President Donald Trump on Tuesday announced the U.S. government's withdrawal from the Iran deal, marking one of the biggest foreign-policy decisions of his tenure so far.
Trump complained the Iran deal supplied the "murderous" Iranian regime with "billions" of dollars and said allowing the deal to stand would be "unacceptable" and catalyze a nuclear-arms race in the Middle East.
"Since the agreement, Iran's bloody ambitions have grown only more brazen," Trump said. "The Iran deal is defective at its core."
"Therefore, I am announcing today that the United States will withdraw from the Iran nuclear deal," Trump added.
— BBC Breaking News (@BBCBreaking) May 8, 2018
There's no credible evidence Iran has violated the terms of the deal, despite recent claims from the Israeli government, which Trump cited during his announcement on Tuesday.
Trump informed Congress of his decision to withdraw from the Iran deal shortly before he was set to make a formal announcement, a congressional source told Business Insider.
This came after The New York Times reported Trump informed French President Emmanuel Macron of his intention to withdraw the U.S. from the landmark pact in a phone call Tuesday morning.
The president has long criticized the Iran deal, which was orchestrated by the Obama administration and aimed to restrict Iran's ability to develop nuclear weapons in exchange for the easing of harsh economic sanctions.
Trump has repeatedly called the deal "terrible," a characterization he reiterated as he hosted Macron in Washington in late April.
Withdrawing from the deal could have numerous consequences for the U.S. and the wider world, and puts Trump in a precarious position with some of America's top allies. Some have expressed concerns that such a move could hamper upcoming talks with North Korea regarding its nuclear program. During his announcement Tuesday, Trump said Secretary of State Mike Pompeo is en route to North Korea to finalize the details surrounding the meeting.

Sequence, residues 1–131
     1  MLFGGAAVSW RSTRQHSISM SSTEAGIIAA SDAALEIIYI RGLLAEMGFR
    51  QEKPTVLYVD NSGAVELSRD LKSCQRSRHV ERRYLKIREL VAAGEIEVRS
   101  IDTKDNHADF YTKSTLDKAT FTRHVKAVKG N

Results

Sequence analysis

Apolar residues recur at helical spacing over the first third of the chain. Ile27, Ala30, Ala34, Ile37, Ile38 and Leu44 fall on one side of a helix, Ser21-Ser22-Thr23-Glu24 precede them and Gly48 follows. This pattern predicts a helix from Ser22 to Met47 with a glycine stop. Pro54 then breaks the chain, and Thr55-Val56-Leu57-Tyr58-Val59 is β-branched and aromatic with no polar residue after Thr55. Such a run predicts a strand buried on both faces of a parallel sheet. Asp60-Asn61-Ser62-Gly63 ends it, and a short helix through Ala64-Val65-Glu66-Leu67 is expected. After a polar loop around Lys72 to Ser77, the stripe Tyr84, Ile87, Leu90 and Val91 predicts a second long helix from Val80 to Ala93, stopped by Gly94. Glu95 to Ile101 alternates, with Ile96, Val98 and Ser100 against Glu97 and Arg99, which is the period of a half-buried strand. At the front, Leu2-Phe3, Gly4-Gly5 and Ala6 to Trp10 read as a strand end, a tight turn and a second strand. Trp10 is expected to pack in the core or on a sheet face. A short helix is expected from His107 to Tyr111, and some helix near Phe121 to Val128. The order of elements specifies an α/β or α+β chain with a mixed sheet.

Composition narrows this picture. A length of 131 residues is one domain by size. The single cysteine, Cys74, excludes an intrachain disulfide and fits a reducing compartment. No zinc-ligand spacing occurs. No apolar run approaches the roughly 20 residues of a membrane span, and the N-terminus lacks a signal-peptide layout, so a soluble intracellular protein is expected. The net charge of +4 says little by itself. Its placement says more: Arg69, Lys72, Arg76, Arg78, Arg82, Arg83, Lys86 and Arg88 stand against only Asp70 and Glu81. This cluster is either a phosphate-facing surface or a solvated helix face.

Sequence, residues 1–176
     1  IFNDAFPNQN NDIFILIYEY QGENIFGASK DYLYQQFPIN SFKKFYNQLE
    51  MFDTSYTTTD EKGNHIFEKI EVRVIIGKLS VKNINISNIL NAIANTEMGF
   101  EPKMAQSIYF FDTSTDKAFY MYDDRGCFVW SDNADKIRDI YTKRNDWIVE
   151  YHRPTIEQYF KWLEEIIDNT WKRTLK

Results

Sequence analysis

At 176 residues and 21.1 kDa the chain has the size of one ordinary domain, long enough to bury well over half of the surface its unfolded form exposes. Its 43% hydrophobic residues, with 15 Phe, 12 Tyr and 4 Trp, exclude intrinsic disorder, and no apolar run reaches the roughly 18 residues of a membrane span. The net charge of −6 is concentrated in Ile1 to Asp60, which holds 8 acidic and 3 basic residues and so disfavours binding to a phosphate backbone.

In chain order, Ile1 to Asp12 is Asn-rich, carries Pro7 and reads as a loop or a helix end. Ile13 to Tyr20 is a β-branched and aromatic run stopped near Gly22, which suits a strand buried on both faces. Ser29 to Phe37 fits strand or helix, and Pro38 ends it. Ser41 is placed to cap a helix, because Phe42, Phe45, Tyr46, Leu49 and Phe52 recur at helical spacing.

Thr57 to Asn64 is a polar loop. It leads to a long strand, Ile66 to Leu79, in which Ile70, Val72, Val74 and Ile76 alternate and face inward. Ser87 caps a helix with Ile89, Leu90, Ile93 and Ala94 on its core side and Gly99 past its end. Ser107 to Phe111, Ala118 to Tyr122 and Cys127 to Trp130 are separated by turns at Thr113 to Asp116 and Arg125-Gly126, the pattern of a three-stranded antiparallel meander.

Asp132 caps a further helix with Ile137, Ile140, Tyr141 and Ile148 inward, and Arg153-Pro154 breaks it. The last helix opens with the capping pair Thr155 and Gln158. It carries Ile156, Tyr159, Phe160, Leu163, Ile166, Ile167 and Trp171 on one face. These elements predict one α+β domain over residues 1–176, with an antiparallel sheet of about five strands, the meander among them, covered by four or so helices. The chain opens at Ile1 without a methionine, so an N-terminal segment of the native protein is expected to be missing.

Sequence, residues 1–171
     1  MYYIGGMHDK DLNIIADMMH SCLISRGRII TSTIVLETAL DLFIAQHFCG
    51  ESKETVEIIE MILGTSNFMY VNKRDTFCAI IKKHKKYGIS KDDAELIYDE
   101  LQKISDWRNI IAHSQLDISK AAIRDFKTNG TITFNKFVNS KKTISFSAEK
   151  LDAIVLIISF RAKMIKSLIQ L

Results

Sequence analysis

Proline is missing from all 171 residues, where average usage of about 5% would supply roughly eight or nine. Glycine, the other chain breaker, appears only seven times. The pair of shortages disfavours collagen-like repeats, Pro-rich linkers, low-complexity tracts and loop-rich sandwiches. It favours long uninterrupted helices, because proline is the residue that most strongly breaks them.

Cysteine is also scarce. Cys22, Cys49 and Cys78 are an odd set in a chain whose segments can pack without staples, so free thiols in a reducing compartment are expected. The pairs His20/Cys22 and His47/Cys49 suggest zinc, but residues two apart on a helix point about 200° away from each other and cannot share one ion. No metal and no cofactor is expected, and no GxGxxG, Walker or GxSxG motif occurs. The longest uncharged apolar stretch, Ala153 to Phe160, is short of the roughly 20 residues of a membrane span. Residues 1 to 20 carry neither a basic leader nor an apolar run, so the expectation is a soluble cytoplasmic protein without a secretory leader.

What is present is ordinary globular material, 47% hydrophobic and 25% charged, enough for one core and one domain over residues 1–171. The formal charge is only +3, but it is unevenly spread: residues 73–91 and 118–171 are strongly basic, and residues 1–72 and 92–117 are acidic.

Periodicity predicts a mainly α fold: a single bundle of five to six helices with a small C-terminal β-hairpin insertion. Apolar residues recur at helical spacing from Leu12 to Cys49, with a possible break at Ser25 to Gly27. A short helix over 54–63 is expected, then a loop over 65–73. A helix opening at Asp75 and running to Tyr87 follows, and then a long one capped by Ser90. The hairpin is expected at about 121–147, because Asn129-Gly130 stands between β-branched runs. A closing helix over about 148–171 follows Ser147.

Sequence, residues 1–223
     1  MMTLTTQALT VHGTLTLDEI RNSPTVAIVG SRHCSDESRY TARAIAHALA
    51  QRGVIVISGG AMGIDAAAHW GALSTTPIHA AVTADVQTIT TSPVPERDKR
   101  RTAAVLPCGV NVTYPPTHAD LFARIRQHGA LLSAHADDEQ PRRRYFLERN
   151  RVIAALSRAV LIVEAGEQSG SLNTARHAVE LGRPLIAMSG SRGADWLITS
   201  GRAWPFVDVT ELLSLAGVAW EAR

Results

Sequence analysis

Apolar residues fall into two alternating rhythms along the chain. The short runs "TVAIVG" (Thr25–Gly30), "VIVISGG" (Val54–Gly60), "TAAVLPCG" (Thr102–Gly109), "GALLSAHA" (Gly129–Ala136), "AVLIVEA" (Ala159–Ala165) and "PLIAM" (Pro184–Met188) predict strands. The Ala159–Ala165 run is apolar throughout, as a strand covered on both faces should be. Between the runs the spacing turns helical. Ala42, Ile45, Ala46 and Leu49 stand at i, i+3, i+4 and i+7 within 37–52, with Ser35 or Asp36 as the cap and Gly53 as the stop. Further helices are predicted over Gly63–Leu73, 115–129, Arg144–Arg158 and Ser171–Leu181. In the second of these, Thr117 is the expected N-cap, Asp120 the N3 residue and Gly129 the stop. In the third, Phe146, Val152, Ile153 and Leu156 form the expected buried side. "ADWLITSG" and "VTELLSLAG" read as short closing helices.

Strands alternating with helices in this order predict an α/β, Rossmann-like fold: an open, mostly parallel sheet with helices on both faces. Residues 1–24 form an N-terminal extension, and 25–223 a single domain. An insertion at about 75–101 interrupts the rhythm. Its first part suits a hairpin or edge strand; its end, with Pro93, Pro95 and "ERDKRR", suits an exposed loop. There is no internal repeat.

With that said, Iranian President Hassan Rouhani on Monday suggested that his country would not necessarily withdraw from the pact just because the U.S. does, flip-flopping on his previous statements.
"We are not worried about America's cruel decisions. ... We are prepared for all scenarios and no change will occur in our lives next week," Rouhani said in a televised speech.
According to a recent CNN poll conducted by SSRS, a majority of Americans (63%) do not want the U.S. to step away from Iran deal, while just 29% supported withdrawing.
Read more from Business Insider:
- Trump has decided to pull out of the Iran nuclear deal — here are the winners and losers
- Trump's move on the Iran deal could torpedo negotiations with North Korea before they even start
- Mike Pompeo made an unannounced trip to North Korea, and he didn't seem to even know who he'd be meeting with
- The Air Force is working on a plan to fast-track development of hypersonic weapons
- 'The president is creating a new nuclear crisis': Lawmakers are concerned about Trump's withdrawal from Iran deal